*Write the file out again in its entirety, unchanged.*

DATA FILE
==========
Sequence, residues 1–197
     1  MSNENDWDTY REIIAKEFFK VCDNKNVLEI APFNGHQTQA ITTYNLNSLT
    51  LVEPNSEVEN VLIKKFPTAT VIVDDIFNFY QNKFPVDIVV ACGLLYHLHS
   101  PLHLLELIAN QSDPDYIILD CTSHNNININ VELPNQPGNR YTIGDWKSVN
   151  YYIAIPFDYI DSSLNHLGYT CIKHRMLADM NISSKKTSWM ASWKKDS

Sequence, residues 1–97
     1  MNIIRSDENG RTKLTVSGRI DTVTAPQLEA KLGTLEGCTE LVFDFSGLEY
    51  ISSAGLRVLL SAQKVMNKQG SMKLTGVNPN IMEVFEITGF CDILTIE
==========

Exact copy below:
Sequence, residues 1–197
     1  MSNENDWDTY REIIAKEFFK VCDNKNVLEI APFNGHQTQA ITTYNLNSLT
    51  LVEPNSEVEN VLIKKFPTAT VIVDDIFNFY QNKFPVDIVV ACGLLYHLHS
   101  PLHLLELIAN QSDPDYIILD CTSHNNININ VELPNQPGNR YTIGDWKSVN
   151  YYIAIPFDYI DSSLNHLGYT CIKHRMLADM NISSKKTSWM ASWKKDS

Sequence, residues 1–97
     1  MNIIRSDENG RTKLTVSGRI DTVTAPQLEA KLGTLEGCTE LVFDFSGLEY
    51  ISSAGLRVLL SAQKVMNKQG SMKLTGVNPN IMEVFEITGF CDILTIE